“I’m hungry,” Rudy confessed when he saw me looking at the few slices of the least-expensive white not the most nutritious bread he could find and a half-empty can of bean dip.
We went out to eat, my treat.
The next day I brought him a bowl – well, a thermos full, really – of hot Campbell’s Chicken Noodle soup and some toasted, buttered bread.
Rudy was living in a by the day, week, or month motel room. Number 19. It was all he could afford. Ironically, the Vagabond was located just down the street from Disneyland – The Happiest Place On Earth. Rudy wasn’t feeling too happy during those days. Life was hard and trying to make ends meet wasn’t an easy task for a 21-year-old foreigner. He just wanted to be part of the American Dream.
When we first met, before his motel days, Rudy was living with a group of buddies in a three-bedroom apartment. Life was fine. Partying like young guys do, just living it up. One day at a time.
We had been dating for about a month when I stopped by to check in on him because he’d mentioned he was feeling sick. Sick enough that he did not even want to get off the couch, which was so unusual for Rudy. This guy would never just lie on the couch just because he could. Never.
His roommates were gone for the day, which was good because I could take care of him. In a sappy girly way. I put a pillow under his head. Made him tea and toast – good stuff when you don’t feel like eating. Which Rudy didn’t. Eat. He was feverish. I wiped his brow with a cool cloth. He slept. He woke. He dozed some more.
What amazed me though was that when Rudy did wake after a short snooze he was determined to go to work. He needed the pay. Seriously. He would literally sit up. As straight as he could. Then he would struggle to stand. He couldn’t. He was too weak. I convinced him to relax. He needed time to recuperate. I even offered to call his job site, tell them he wasn’t feeling well. And after much convincing, he allowed me to call in his excuse for not showing up to the local Holiday Inn where he worked as a dishwasher, mostly, but helped the chef whenever he could.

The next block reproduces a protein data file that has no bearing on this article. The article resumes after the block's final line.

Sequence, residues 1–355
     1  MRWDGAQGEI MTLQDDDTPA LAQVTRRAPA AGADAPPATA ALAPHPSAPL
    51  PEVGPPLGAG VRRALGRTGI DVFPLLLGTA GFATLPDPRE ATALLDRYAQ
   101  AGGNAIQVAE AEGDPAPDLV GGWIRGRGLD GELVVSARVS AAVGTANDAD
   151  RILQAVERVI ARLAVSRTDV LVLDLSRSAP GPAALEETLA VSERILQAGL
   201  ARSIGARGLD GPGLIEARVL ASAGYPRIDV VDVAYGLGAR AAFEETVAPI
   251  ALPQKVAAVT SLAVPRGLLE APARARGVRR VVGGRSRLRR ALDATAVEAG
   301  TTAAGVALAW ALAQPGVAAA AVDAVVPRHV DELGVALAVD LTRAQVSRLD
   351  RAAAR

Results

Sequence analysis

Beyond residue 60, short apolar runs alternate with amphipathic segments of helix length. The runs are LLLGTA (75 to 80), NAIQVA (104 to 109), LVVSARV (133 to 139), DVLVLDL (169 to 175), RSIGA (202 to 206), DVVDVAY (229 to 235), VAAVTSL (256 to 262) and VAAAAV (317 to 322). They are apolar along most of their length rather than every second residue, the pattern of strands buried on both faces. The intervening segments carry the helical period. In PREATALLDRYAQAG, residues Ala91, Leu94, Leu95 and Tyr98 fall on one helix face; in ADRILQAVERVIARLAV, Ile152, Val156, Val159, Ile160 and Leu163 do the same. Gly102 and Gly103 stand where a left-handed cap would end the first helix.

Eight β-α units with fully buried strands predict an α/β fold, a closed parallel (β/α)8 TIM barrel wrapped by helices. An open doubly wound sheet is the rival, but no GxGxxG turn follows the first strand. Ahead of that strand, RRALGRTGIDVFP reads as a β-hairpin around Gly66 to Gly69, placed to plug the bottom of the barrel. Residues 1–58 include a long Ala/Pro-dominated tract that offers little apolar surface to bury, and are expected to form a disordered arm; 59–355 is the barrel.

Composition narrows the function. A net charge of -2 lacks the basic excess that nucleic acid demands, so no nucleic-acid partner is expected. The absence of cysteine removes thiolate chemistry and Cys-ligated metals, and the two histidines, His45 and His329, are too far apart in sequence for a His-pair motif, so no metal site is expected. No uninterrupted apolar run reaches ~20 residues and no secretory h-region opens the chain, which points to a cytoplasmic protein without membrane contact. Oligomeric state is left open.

Another time, a few weeks or so later, we were sitting on the patio, a small square of cement surrounded by a wood-slated fence, when Rudy began pacing back and forth. I figured something was up because his behavior was again! unusual. “I need to ask you something. I just don’t know how,” he stated rather bluntly, yet with concern. “Anything. Ask me anything,” I honestly answered.
“Oh, this is so hard. But I don’t know who else to ask. Well, I was just wondering if you had any money I could borrow. Just twenty bucks. I do not have a penny to my name…..” He tried to continue. Telling me he was sorry, that he shouldn’t be asking. “No problem,” I said. And I meant it. I knew he really did need the help. I pulled a twenty out of my purse and passed it to Rudy. He just hugged me, not sure what to say. That evening, I’m sure, a bond tightened. A bond we were already developing between us.
It was several months later, after the 20 bucks situation, when I saw the bread and beans in the motel room. By this point I knew how hard it’d been for Rudy, trying to prosper. I had been there with him, when things began to look bleak. The same evening I brought him the chicken noodle soup we decided to take a walk. A walk to the Anaheim Hilton. The hotel had become a place to stroll, to just find some kind of quietness for us. To talk. To get to know each other. We just talked and walked through the lovely hotel.
That particular night, a mid-December night, we had been talking about how most likely Rudy would need to return to his homeland. To Honduras. He just wasn’t seeing a future for himself in the states, particularly in expensive California. As we were talking, and walking very slowly, a what are we going to do? walk, we found ourselves in a small room with tables, note paper and pens. I didn’t think, I just wrote.
I handed the note to him, unembarrassed. Rudy accepted it.
What I didn’t realize was that right after he read my short love note his thoughts began to change. He now had a reason. A reason not to leave. A reason to keep trying, to make a life for himself. And I was the biggest part of that reason.
We embraced. Rudy smiled at me. I smiled back. I sensed something had happened. Did Rudy feel like I did? We had never talked about love before. He didn’t say anything. He didn’t need to. I knew, right then, that he loved me, too.
Relationships all begin somewhere. Ours began in Orange County, CA. In 1984.